*published on CBS Watch magazine
IF MUSIC IS THE FOOD OF LOVE, may Charlie Siem play on. A one-man argument that there is an instrument sexier than the saxophone, Siem has managed to bridge the classical world with the cutting edge. He has played with the London Symphony Orchestra—with whom he recently released his third recording—and he’s performed with Roger Daltrey, Pete Townshend and Boy George. He’s privately serenaded the likes of Lady Gaga, Patti LaBelle and theoretical physicist Stephen Hawking, and he’s the face (and body) of the British fashion house Dunhill.
Not bad for a 25-year-old whose instrument of seduction is a circa 1735 Guarneri del Gesu d’Eguille violin.
Siem, who was educated at Eton and Oxford, remembers being 3 years old and hearing his first Beethoven violin concerto on the radio. The London native begged his parents to learn to play, and he has never looked back. He rakishly describes the relationship with his violin as one with a lover: “She is an intense mistress. My life is consumed by playing the violin. It requires unending attention from me, and I so happily give it. Day in and day out, for now it is the most rewarding relationship in my life.”
Which isn’t to say Siem doesn’t dabble here and there. After meeting the fashion photographer Mario Testino, he was asked to play at a book party for supermodel Kate Moss. “I went and played Paganini’s Caprice, and as luck would have it the casting agent from Dunhill was at the party. He asked me to do the campaign and that’s it. Really, it’s random.”
Perhaps random if you look like that. Yet Siem seems unfazed by the notoriety in his native England, thanks to what he calls a “watertight mind.” Siem explains, “It’s basically the idea that you don’t let anything creep in to corrupt. The slightest little drop of water will creep in and ruin the entire temple. All it takes is the glimmer of a doubt to creep in and ruin the entire project. You seal up your mind so that you don’t let insecurities or personal issues ruin the overall well-being.”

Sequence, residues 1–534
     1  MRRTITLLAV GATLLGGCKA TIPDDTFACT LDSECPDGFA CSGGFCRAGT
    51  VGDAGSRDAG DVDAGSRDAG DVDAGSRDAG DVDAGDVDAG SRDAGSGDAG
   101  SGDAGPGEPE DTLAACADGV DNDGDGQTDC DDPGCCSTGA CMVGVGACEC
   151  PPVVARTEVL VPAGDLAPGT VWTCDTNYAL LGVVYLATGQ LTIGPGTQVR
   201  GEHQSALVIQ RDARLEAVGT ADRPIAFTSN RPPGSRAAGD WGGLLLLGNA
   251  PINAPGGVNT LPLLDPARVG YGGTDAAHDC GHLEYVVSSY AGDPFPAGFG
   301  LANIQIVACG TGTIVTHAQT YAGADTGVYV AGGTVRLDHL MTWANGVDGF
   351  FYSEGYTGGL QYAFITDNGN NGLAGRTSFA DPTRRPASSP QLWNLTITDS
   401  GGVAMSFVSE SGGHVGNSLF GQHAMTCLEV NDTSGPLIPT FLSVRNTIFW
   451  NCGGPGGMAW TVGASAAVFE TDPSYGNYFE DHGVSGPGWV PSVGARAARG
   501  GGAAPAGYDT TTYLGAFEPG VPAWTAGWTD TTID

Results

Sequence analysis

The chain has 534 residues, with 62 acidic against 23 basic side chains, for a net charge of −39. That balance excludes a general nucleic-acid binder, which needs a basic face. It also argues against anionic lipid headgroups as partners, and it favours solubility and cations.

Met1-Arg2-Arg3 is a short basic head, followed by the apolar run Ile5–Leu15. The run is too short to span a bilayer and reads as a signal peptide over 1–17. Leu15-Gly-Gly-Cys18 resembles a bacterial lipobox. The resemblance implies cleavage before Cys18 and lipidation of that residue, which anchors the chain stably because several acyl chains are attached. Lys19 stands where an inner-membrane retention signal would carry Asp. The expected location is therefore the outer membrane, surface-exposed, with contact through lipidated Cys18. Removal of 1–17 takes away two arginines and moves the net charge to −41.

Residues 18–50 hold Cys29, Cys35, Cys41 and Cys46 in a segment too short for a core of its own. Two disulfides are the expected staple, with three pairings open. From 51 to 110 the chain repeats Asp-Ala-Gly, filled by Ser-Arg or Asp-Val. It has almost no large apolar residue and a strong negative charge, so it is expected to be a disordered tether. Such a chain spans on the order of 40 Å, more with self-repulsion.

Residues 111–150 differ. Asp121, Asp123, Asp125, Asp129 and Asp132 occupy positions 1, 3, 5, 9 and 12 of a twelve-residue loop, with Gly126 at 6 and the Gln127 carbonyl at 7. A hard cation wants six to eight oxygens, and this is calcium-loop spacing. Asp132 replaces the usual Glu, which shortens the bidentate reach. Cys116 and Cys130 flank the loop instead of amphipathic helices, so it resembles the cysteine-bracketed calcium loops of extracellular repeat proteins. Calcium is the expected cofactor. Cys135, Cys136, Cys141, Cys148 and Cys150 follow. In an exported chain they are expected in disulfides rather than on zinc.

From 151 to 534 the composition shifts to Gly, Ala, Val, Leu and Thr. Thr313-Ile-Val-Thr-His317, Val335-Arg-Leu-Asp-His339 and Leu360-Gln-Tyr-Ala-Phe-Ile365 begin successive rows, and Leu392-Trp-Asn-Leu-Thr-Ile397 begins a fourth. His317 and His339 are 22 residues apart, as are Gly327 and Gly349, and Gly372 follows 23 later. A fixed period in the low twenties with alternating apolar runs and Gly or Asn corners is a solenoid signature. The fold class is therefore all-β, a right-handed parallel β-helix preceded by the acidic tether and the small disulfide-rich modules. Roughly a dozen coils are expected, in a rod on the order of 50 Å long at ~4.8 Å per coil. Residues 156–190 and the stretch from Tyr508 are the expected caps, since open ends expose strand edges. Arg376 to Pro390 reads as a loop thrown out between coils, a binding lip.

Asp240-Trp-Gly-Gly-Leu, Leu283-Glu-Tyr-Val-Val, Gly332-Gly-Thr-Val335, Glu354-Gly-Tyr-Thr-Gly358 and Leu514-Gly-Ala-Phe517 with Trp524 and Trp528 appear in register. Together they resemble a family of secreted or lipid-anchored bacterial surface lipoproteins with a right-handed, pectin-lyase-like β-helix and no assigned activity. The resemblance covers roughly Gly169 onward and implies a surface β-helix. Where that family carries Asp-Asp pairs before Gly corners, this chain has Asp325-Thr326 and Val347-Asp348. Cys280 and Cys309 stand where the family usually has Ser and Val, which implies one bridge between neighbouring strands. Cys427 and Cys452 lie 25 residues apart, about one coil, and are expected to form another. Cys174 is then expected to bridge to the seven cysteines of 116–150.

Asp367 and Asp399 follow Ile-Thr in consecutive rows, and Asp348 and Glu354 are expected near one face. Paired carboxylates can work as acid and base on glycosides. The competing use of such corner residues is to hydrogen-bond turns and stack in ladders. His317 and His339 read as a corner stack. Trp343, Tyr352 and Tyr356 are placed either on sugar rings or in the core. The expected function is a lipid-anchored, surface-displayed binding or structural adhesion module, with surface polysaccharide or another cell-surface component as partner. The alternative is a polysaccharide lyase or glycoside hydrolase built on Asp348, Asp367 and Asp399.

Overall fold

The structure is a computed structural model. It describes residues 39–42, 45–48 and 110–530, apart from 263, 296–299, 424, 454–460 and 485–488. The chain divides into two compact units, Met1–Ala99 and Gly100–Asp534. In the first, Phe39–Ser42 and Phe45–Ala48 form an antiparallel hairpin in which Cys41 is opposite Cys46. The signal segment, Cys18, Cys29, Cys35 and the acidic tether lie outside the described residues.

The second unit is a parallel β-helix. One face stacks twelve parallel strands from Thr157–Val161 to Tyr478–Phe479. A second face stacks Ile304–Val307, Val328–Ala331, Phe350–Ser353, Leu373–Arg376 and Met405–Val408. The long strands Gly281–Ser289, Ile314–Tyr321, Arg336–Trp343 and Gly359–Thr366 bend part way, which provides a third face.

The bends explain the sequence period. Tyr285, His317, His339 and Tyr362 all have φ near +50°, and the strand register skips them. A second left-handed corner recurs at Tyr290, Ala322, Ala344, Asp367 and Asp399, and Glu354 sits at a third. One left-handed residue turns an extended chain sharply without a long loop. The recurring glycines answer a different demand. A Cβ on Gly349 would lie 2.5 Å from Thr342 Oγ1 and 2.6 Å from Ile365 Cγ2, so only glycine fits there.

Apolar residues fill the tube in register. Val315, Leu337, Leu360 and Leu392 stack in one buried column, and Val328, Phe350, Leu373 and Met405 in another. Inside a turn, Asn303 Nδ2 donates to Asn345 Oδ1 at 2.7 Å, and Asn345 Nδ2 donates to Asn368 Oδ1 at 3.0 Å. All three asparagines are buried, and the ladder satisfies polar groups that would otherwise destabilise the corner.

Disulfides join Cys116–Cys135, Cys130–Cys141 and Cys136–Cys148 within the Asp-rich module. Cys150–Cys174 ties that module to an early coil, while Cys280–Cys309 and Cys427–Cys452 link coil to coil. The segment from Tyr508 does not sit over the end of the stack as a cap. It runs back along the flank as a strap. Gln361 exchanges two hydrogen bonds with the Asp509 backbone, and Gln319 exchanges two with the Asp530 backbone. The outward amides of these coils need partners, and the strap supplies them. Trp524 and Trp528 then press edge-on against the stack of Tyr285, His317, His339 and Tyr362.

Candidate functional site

Siem has faced criticism for his theatrical playing style, which he calls “the virtuosic side of the violin,” but it is wrought from endless practice. “I am at the beginning of my career where you develop your technique and add tools,” he says humbly. But his modesty masks a determination that would make the most ambitious pop star proud: Inside his violin case is a photograph of the eyes of a tiger, which remind him to stay the course.
“They are a metaphor for me as a performer dealing with pressure. Just see the eyes of the tiger,” he says. “Go to the edge of risk. When you feel at your most challenged is when you will do your very best. It is the challenge to overcome your biggest fears, which are also your biggest desires.”